"Piapiatele” (Moana O Sina), Fogagogo
For many years it was the only house out there, a house of elegant exile. The road to it was little more than a tract cut through the jungle over black lava ribs and down red mud hollows. The poles along the road carried power and phone lines just to that house. The house crouched on a black and barren cliff above the reefless sea that even in calm weather could dispatch rogue breakers into the cliff face with strength enough to raise a plume of spray ten meters high above it. In storms the mist was so thick that the house seemed submerged in an aerated sea.
But it was a strong house, built to be in just that place. Its sturdy rolled eaves suggested a wrestler's slouched shoulders, always on the defensive. It hugged the contour of the land it held. No one else had ever thought to build there, at the margin of two inhospitalities--the choked jungle on a landscape of fractured volcanism behind and the kinetic and potential violence of the world's largest ocean knocking at the front door. The jungle's verge was guarded by thickets of sword-edged pandanus. The sea's sole amenity here was its vista.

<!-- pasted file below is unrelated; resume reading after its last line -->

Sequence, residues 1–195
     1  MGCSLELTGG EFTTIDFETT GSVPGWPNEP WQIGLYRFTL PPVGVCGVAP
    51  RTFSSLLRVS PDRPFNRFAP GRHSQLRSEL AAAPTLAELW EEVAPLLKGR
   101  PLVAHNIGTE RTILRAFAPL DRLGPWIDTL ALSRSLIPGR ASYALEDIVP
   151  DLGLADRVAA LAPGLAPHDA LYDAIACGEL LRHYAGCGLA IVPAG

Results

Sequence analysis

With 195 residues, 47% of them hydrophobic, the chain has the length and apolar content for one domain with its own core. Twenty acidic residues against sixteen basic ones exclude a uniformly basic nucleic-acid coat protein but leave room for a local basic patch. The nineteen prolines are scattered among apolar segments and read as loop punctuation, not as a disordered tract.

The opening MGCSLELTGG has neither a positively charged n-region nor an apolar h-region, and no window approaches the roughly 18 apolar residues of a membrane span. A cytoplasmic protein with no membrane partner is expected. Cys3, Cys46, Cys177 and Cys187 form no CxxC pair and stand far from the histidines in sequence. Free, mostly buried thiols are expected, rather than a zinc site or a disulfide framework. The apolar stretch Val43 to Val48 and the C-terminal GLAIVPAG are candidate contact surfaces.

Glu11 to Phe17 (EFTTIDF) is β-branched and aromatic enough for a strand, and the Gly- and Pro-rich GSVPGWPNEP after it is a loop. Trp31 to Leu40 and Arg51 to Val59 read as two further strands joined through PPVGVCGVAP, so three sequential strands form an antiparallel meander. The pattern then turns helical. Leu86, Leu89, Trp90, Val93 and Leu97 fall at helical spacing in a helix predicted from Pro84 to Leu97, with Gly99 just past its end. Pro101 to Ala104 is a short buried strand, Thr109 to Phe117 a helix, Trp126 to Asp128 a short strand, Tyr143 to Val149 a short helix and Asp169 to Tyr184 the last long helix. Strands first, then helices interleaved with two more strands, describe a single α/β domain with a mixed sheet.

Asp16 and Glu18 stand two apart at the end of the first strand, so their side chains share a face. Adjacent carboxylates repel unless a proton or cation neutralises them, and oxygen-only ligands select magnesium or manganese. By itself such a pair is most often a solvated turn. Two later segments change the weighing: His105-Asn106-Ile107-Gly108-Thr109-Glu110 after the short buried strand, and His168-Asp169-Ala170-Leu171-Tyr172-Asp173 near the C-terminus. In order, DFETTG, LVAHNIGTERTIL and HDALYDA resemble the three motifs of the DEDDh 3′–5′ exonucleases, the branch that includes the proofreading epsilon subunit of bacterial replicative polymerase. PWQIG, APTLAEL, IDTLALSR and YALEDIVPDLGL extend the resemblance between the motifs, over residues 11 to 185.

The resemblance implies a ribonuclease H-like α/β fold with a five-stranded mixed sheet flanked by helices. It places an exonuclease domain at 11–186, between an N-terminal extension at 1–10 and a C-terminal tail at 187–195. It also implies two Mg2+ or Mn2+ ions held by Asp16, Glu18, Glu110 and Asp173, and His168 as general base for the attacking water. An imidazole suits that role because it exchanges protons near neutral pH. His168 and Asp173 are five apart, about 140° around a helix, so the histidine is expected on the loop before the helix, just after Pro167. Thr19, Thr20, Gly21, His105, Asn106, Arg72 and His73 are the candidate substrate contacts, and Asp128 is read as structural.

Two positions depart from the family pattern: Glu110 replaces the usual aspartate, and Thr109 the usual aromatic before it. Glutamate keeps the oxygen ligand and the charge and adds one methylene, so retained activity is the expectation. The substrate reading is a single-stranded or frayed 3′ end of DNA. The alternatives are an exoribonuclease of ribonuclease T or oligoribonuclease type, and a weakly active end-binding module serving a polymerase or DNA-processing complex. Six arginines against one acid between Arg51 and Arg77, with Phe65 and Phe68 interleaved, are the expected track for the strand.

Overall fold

Apelu had been inside the house only once, maybe ten years before, to a lavish party on a sea-peaceful starry night. The hosts had hired a van to take their guests over the road in and out so that no one had to endanger their vehicles. Besides, there was nowhere to park there. The party had been for some visiting entertainers. He remembered a large, lantern-lit patio overlooking the star-lit black and white coastline--the black ever stationary, the white always in motion. It had been a good party. Servants kept glasses full. There was too much to eat. The entertainers entertained. He had been glad for the ride back out. He couldn't have driven it.
(Fire Knife Dancing, p. 1)